His more colorful work gets attention as well. Two examples: the hot-pink eye shadow on Selena Gomez at this year's Met Gala (a look sparked by an accent on her Coach gown) and his recent aqua cat eyes on Emily Ratajkowski.
"I never want to completely transform anyone," he says. "I encourage clients to experiment. But no matter how creative I get, you always know who the person is."
Vanngo's meteoric climb is all the more impressive considering his humble beginnings in Vietnam. Worried about the country's instability, his single mother used her savings to send him to America when he was a child. With his brother and one of his sisters, Vanngo boarded a boat to Cambodia and then to Thailand. There the young siblings slept on the floor at a refugee camp for three years.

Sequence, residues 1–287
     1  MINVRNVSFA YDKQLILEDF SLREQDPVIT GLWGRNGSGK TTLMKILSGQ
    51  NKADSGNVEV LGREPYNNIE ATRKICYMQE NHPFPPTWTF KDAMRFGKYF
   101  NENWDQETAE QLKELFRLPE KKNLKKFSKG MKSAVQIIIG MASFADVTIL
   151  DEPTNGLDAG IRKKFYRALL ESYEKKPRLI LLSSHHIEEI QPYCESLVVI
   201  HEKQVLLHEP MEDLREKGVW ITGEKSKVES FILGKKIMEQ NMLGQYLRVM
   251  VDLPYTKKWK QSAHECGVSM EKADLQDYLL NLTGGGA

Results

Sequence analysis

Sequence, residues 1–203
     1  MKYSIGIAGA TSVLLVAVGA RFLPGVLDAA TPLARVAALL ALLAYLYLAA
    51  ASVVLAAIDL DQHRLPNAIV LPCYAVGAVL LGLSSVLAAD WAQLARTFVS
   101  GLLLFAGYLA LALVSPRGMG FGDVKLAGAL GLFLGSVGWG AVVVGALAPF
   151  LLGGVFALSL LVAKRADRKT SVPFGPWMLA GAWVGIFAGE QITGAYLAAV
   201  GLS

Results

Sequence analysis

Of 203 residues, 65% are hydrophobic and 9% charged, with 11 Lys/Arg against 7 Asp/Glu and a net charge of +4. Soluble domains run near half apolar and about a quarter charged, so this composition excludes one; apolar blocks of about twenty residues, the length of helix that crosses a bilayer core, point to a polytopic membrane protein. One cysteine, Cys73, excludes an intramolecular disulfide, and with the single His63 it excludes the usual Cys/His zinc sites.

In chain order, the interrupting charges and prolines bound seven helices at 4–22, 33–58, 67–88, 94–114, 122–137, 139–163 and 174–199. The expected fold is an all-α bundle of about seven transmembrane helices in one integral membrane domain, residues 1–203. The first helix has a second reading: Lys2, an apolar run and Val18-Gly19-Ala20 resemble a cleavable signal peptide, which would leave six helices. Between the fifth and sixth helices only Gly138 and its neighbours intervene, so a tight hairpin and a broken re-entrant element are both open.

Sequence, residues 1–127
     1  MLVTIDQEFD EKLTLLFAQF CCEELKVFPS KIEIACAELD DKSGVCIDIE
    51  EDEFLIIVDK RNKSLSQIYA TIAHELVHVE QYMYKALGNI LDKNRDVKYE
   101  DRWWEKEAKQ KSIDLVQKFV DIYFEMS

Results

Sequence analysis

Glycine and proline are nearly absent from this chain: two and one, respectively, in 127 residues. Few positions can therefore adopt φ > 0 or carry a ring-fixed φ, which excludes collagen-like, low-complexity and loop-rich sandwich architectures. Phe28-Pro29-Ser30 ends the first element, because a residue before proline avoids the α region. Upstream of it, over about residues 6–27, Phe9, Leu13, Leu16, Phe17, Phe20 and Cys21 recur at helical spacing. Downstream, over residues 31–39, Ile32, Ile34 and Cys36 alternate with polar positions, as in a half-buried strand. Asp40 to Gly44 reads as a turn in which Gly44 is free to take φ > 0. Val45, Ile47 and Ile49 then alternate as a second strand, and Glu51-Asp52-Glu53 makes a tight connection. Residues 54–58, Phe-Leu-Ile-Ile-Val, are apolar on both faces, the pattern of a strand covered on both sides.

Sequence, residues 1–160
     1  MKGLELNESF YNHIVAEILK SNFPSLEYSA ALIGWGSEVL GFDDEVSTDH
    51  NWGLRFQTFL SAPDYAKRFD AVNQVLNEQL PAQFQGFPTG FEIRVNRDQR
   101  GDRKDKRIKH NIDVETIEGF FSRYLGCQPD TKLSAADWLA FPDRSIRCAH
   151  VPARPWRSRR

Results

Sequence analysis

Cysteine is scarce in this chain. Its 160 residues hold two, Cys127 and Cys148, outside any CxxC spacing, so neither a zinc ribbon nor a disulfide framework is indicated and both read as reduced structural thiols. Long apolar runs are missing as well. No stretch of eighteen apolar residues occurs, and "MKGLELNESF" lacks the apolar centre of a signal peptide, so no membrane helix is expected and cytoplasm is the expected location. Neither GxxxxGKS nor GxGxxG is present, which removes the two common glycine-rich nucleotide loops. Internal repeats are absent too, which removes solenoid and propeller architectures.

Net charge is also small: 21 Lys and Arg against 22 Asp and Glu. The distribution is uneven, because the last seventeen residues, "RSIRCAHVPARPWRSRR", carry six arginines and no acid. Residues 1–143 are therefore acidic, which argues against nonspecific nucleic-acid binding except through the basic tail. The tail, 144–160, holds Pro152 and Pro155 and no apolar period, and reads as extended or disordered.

Eventually, they ended up in Canada, where Vanngo attended school during the day and cleaned office buildings at night. In his high school library, the burgeoning painter pored over fashion magazines, obsessing over the ascendancy of glamorous late-'90s supermodels and their go-to makeup pro, Kevyn Aucoin. Eventually, Vanngo established himself as Toronto's premier editorial artist. But breaking into the New York fashion world meant enduring years of rejection. "Anything was better than the way we started out," he says, "so I was never afraid to try. I had nothing to lose."
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Vanngo rarely shares details of his personal story, preferring instead to let his work do the talking. "My clients are like, 'Oh, I can't wait to see what you do next.'"